Rebecca Goodwin, with the Otero County Historic Preservation Board, stopped by the Monday meeting of the Board of County Commissioners to provide an update on the organization's Japanese-American architectural and archaeological project and to announce that the preservation board is interested in pursuing a second phase of the project.

The announcement came prior to a presentation Wednesday in Rocky Ford about the board's initial findings of Japanese-American history in Otero County.

"There's so much more history to capture, especially through the Nisei," Goodwin told the commissioners.

Nisei refers to persons born in this country to Japanese-born immigrants. All of the first-generation people of Japanese heritage who came to the United States in the 1910s and earlier part of the 20th century have passed away, according to Goodwin.

There are still Nisei, however, and in the first phase of the historical project, the preservation board could not complete all of the interviews and oral histories they wanted to. Thus, the preservation board is on the search for more funding and hopes to have identified grant resources to pitch to county commissioners.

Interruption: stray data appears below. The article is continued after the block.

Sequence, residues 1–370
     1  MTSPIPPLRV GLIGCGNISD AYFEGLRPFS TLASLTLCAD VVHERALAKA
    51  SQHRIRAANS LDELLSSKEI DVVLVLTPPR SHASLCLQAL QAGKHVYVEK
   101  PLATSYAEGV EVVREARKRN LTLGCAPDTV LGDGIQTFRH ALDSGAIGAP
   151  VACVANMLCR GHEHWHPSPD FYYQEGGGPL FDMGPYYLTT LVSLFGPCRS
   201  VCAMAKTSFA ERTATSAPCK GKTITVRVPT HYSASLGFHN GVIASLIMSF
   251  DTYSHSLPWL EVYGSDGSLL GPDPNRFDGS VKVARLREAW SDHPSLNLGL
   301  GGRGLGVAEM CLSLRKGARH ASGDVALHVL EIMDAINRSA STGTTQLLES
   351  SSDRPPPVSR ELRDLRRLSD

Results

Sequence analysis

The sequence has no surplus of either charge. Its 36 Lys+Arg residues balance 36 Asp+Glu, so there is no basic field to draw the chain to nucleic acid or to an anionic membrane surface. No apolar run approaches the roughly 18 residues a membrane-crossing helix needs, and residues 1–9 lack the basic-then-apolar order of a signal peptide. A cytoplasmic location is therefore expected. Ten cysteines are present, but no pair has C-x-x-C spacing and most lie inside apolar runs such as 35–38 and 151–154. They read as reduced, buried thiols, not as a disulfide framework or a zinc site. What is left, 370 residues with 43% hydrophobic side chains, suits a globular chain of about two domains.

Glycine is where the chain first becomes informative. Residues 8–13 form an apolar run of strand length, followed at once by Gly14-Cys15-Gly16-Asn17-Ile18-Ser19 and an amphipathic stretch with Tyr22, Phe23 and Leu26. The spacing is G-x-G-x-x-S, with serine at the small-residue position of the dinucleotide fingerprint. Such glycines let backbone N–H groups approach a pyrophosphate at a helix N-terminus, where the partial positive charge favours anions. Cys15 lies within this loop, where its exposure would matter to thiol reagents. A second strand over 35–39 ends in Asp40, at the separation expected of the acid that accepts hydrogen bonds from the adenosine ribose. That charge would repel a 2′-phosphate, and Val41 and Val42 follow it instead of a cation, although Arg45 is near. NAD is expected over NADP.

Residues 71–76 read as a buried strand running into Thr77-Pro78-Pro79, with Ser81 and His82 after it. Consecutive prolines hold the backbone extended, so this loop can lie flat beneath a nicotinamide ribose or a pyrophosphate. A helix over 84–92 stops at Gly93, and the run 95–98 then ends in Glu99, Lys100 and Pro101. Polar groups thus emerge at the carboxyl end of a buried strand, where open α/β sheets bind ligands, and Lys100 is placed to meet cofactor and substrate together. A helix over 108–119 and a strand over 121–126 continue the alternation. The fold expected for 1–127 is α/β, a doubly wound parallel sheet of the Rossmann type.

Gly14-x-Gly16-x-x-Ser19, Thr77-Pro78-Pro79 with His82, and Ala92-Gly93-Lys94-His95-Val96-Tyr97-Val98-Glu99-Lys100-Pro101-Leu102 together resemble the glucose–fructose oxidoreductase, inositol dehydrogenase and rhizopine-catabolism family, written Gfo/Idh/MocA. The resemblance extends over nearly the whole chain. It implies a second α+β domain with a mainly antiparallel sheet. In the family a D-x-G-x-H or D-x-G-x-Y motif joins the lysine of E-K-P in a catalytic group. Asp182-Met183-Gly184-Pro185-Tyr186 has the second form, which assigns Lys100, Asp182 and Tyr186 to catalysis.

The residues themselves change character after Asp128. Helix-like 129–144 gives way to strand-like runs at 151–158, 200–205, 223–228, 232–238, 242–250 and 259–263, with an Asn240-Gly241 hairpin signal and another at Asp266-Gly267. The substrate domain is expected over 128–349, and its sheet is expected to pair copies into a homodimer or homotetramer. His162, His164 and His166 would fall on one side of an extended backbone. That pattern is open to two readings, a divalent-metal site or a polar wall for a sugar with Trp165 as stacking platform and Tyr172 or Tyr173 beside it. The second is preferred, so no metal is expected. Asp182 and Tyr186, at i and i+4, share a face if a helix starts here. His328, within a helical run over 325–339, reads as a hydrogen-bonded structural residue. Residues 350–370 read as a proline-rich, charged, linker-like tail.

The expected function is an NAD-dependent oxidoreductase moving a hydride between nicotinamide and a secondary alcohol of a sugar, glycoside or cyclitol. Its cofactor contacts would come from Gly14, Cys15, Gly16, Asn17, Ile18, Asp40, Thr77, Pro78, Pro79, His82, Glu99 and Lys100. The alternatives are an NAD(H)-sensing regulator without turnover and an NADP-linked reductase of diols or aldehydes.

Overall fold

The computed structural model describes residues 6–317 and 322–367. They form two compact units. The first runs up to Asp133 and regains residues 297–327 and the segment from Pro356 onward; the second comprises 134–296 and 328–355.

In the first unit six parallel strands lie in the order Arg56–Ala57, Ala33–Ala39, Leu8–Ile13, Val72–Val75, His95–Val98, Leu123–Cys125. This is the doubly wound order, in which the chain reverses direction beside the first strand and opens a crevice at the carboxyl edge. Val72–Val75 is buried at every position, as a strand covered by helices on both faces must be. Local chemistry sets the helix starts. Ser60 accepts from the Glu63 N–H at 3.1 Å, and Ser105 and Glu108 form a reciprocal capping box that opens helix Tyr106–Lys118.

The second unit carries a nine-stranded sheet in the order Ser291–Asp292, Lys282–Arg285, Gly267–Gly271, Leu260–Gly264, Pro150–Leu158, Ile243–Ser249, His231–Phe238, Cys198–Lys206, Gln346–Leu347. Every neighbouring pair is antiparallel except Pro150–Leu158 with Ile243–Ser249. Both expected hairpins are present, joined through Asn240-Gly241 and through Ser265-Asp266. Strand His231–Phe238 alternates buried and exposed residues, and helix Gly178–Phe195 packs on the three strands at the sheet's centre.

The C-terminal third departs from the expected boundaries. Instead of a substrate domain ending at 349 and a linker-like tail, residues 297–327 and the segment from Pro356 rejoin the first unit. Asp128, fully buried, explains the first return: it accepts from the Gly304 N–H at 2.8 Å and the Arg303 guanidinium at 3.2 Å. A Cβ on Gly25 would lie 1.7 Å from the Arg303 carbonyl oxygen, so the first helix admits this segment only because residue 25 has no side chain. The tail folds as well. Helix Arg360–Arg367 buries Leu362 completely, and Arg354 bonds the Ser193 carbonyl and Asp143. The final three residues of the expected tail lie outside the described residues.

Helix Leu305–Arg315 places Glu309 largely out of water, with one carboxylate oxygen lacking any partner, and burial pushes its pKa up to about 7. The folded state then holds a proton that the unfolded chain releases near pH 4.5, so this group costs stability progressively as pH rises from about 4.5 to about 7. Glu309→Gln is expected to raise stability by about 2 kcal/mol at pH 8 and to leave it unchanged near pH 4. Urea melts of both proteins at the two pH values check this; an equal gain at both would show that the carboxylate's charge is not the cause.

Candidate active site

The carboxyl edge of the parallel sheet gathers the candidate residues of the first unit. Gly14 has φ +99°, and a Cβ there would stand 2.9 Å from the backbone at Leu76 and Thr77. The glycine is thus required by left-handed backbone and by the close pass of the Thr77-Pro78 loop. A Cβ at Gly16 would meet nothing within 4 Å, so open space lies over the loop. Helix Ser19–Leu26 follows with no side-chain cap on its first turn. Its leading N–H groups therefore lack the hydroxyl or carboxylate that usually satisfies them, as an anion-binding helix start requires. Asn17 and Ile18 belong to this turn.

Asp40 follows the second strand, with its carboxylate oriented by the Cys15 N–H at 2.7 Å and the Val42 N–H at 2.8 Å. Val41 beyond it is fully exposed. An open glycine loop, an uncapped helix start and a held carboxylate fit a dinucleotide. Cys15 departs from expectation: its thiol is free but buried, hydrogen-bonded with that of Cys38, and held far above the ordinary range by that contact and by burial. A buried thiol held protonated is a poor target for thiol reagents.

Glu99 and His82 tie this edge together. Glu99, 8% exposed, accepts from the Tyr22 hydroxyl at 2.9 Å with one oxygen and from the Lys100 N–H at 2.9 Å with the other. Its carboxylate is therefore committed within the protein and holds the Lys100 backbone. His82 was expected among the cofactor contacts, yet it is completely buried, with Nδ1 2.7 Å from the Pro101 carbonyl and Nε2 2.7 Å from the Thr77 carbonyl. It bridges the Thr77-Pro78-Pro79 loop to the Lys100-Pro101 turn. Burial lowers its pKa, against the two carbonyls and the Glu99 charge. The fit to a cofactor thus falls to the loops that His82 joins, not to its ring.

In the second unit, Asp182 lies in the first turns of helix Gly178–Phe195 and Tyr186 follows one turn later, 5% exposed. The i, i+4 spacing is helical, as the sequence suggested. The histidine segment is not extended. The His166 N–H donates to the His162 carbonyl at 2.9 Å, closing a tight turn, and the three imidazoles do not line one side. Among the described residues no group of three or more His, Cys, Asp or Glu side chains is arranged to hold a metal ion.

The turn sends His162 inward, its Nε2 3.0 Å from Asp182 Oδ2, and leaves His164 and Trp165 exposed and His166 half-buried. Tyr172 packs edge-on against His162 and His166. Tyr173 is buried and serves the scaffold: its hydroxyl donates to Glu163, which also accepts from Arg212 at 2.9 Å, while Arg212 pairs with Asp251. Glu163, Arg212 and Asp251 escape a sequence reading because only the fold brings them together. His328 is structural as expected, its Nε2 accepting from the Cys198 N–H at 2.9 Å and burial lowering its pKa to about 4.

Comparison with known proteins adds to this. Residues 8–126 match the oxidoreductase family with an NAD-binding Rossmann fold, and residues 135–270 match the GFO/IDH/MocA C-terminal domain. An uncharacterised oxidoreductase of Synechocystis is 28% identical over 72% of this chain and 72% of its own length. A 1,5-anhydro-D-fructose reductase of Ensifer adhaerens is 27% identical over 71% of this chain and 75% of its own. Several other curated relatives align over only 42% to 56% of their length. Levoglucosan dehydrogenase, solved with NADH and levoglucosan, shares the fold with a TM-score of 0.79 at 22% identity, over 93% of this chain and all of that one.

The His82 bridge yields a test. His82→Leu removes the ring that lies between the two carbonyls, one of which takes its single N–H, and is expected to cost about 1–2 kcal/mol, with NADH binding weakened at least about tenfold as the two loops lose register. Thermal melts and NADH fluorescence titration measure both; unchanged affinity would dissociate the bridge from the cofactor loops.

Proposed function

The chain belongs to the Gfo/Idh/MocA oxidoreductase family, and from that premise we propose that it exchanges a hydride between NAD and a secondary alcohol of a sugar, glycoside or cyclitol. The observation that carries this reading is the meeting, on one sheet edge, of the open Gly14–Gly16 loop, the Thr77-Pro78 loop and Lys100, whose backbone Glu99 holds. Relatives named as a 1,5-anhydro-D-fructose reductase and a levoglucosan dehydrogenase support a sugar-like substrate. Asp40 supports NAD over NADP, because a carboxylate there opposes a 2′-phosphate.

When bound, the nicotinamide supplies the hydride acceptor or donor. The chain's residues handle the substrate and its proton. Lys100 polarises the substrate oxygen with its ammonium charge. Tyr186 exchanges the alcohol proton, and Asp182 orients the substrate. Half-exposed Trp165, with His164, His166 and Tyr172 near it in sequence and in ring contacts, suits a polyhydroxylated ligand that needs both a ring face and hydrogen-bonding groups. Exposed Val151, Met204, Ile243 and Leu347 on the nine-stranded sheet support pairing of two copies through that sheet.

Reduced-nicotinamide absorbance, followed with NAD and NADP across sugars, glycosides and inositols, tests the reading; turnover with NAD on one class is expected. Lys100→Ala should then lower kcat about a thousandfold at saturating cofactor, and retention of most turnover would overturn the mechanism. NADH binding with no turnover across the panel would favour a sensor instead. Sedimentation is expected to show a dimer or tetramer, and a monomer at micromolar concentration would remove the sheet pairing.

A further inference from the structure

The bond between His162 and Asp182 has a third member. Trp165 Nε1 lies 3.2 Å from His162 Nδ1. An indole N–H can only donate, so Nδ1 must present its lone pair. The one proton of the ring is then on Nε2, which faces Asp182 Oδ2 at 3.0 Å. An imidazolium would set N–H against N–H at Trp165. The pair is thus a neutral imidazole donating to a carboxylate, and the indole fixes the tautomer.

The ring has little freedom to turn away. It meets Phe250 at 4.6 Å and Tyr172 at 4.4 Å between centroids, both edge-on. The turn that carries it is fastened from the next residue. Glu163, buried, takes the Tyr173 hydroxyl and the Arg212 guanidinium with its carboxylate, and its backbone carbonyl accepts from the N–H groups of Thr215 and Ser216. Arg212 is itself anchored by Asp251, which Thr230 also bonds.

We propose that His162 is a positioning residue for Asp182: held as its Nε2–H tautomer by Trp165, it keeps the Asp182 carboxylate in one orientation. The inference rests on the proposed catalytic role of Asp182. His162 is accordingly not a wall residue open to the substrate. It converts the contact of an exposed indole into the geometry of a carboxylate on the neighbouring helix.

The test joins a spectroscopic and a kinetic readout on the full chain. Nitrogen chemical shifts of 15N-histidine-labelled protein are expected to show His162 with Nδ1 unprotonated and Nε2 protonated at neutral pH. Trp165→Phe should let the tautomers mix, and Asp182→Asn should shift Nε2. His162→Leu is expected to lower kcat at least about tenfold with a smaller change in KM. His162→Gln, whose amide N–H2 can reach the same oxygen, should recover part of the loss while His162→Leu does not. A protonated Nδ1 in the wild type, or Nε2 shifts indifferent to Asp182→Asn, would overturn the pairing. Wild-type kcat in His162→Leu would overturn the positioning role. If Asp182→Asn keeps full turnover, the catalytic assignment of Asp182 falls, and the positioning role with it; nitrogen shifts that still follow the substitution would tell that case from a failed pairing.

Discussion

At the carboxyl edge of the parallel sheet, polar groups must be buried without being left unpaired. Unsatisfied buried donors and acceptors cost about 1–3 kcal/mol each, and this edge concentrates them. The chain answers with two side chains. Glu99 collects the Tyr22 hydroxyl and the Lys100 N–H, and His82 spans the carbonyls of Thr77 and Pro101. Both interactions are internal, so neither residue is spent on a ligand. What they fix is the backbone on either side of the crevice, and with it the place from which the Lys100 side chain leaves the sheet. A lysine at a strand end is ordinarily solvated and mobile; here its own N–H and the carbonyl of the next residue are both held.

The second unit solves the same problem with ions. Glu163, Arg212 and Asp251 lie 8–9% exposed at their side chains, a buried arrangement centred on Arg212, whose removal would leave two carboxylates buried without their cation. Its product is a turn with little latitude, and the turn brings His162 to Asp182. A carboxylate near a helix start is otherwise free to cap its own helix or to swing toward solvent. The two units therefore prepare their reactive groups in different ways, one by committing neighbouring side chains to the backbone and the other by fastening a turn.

A report on the thematic history of Japanese-Americans in the county that was generated in the first phase of the research project was submitted to the State Historical Fund on April 22, said Goodwin.

The report includes the archaeological and historic sites that the preservation board was given permission to document, as well as the historic context of the sites, photographs and other documentation acquired through the research project.

The report, once finalized, will be an open record accessible to the public. The location of certain archaeological site locations, however, will be redacted as they exist on private land, said Goodwin.

The preservation board will pass copies of the final report to the public library, and the entire redacted file will be digitized and made available on Otero County's website.

"We're just starting to get some of the comments back to make some edits on that," said Goodwin. "The final report will be completed and wrapped up by June 30."

The preservation board also documented a large Japanese-American section of graves and headstones at the Rocky Ford Cemetery, Goodwin said.

"There are some ... older ones that are in tough shape. I'm going to start to have some cleaning done on them," said Goodwin.

Goodwin said she's working on getting an organization of architectural historians to start a pilot project at the Rocky Ford Cemetery.

"If they think that might work, then we'll work with the City of Rocky Ford to get the permission to maybe go in and maybe clean some of those headstones and reset them so they don't fall over," she said.

cburney@ljtdmail.com